Architecture, art and audience: These three connect in museums, and I always find that facinating. Great architecture seems to open our minds for art, and art always seems to remind us of the vast range of possibilities we have. So, whenever I walk through a museum, there’ll be some favourite finds!
Sometimes even the most dubious characters in a mystery novel have a lot to say. In Ben Aaronovitch’s Whispers Underground, an artist speaks his mind: “There’s no point asking what a piece of work means, you know? If we could express it in words, do you think we would have spent all that time bisecting a cow or pickling a shark? Do you think bisecting a cow is somebody’s idea of a fun fucking afternoon? And then to have stupid people come up to you and say, ‘It’s very interesting, but is it art?’ – yes, it’s fucking art. Do you think I’m planning to eat the fecking thing?” (p. 285)
I kind of like the reasoning here: Art can be defined by the use we make of it. And it is hard to talk about. So why not try to understand it non-verbally? That’s what my March/April project is about. You can participate! Details can be found here and on the ‘2015 Projects’ pages.
Making pictures helps me understand history and memory as well as architecture or nature or the aesthetics of a movie. In contrast to scientific understanding, I would like to call the insight I find using photographs aesthetic understanding. The goal may well be beyond language.
Now this idea seems to be supported by a rather new book about visiting museums. Among other things, the author suggests we make photos of the works we see: “Taking pictures is also a way of connecting to and participating in the art, as it unleashes our excitement and involvement. Taking a clever picture can lead to more meaningful interaction with art. […] Challenge yourself, not by attempting to capture the artwork itself, but your experience of it.” (Johan Idema, How To Visit a Museum. Tips for a Truly Awarding Visit. Amsterdam: BIS, 2014)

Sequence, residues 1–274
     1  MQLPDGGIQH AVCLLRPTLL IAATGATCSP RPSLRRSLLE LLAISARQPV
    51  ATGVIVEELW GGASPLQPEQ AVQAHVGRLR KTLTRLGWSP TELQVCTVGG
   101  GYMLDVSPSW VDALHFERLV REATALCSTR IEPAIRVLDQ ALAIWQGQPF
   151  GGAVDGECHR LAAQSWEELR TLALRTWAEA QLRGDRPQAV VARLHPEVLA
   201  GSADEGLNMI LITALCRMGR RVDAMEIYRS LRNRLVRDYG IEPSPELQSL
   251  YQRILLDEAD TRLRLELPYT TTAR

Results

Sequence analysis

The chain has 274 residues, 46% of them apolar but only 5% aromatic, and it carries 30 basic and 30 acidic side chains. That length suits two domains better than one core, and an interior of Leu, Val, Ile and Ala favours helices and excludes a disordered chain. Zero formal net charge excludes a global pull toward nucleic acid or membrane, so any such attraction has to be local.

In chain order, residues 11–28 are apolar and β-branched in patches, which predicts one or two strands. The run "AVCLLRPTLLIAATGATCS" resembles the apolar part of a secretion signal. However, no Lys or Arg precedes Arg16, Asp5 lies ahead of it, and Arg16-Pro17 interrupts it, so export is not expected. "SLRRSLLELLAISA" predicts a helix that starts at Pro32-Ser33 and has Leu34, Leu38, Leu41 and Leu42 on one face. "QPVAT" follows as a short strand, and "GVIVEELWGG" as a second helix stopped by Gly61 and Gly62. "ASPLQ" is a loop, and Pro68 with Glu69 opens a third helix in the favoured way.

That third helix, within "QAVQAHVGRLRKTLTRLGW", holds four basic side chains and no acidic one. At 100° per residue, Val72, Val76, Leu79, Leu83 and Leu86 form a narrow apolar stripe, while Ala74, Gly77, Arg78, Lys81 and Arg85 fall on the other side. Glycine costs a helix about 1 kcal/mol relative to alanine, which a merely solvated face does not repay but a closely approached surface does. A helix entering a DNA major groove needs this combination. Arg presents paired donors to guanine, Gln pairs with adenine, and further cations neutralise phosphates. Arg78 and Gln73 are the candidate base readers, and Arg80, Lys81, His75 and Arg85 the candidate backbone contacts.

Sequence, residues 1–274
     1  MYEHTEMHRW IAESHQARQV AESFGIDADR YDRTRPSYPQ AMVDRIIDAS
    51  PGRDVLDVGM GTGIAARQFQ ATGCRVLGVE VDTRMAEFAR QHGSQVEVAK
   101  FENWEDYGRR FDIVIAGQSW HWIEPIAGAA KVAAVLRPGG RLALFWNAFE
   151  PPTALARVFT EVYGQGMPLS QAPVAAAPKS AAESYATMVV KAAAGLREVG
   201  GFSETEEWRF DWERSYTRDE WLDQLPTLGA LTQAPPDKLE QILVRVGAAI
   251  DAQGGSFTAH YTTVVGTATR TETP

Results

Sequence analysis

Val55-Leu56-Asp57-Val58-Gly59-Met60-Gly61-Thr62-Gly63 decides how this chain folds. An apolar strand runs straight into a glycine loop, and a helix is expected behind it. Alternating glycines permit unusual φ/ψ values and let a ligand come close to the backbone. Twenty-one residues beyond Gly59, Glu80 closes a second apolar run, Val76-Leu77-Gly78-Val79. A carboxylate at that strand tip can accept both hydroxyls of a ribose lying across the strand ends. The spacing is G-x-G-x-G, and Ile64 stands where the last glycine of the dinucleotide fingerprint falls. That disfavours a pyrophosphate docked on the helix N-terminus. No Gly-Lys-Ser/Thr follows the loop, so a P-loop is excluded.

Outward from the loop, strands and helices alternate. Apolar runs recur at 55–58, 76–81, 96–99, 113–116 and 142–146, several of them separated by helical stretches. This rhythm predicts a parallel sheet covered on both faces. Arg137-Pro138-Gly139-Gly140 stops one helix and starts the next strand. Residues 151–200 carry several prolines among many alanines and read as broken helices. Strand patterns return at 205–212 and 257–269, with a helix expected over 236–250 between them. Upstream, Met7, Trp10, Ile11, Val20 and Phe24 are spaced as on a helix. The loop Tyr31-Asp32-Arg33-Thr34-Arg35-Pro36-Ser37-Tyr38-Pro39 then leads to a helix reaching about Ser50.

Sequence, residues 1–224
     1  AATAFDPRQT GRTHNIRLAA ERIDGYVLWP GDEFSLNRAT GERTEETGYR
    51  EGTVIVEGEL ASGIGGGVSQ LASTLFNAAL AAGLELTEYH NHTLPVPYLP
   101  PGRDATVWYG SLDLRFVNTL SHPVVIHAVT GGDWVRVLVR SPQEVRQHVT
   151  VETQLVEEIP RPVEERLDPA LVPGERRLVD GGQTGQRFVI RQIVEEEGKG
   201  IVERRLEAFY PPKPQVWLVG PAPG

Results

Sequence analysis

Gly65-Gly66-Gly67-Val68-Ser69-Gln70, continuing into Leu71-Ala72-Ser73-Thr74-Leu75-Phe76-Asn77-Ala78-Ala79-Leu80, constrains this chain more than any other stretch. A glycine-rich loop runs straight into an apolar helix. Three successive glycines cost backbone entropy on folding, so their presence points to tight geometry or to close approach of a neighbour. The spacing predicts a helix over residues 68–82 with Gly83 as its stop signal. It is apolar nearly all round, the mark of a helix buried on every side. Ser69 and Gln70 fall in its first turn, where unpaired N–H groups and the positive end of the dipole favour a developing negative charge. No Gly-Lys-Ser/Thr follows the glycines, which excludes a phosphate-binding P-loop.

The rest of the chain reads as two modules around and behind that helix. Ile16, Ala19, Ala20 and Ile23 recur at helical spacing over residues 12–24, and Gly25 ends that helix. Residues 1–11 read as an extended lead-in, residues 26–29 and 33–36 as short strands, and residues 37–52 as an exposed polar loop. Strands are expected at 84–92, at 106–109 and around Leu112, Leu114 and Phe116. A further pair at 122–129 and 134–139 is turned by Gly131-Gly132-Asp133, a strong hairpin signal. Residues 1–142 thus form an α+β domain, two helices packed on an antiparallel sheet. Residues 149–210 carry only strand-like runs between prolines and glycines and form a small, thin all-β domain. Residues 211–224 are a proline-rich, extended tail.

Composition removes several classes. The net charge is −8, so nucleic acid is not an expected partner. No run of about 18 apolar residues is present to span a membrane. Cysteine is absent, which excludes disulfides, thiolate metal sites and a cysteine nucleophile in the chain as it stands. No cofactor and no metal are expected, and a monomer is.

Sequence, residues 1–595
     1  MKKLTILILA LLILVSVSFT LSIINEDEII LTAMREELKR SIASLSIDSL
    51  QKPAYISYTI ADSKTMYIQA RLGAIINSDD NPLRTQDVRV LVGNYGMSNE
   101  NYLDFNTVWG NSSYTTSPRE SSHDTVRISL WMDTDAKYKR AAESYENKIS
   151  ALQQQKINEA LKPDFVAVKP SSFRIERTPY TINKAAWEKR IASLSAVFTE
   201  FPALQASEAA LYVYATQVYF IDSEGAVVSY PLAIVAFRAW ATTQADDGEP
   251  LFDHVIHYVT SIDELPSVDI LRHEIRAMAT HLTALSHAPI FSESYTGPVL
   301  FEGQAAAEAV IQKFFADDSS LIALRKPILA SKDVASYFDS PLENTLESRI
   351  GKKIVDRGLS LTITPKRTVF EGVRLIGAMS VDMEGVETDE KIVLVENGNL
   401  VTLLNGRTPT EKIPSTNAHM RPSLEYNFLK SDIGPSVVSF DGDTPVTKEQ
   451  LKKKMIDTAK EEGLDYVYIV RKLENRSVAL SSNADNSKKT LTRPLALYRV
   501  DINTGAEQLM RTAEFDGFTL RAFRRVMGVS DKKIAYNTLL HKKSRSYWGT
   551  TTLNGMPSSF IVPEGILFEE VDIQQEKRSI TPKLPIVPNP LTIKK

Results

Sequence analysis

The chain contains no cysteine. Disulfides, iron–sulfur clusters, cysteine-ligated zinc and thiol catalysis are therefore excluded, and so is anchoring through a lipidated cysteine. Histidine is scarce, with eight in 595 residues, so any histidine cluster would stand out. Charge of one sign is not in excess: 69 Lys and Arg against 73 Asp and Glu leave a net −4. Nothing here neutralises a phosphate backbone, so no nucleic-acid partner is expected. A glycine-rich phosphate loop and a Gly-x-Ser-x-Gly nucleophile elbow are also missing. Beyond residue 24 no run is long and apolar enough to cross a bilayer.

The pictures in this post were taken at an art school where I happened to visit a students’ exhibition a couple of weeks ago. The works were on display in the studios, giving the exhibition an atmosphere of authenticity and immediacy, making the visitors part of it all.
Once I started tracking the unexpected for the Weekly Photo Challenge, I came across a couple of fairly different subjects. In this case, I’d already planned to combine the two (very different representations of femininity) but lacked a good title – the challenge took care of that. I found these statues at Les Jardins du Pays d’Auge (left) and Château de Vascoeuil (right).
The left picture shows many objects – me photographing stuff, actually. It was inspired by Susan Sontag’s essays on photography: The mere act of making a photograph, Sontag says, re-evaluates the stuff we find because taking a picture equals claiming that the subject is deserves to be looked at – even ugly objects become ‘nice’ in photograph. Hence Sontag’s idea that photography aesteticizes the whole world.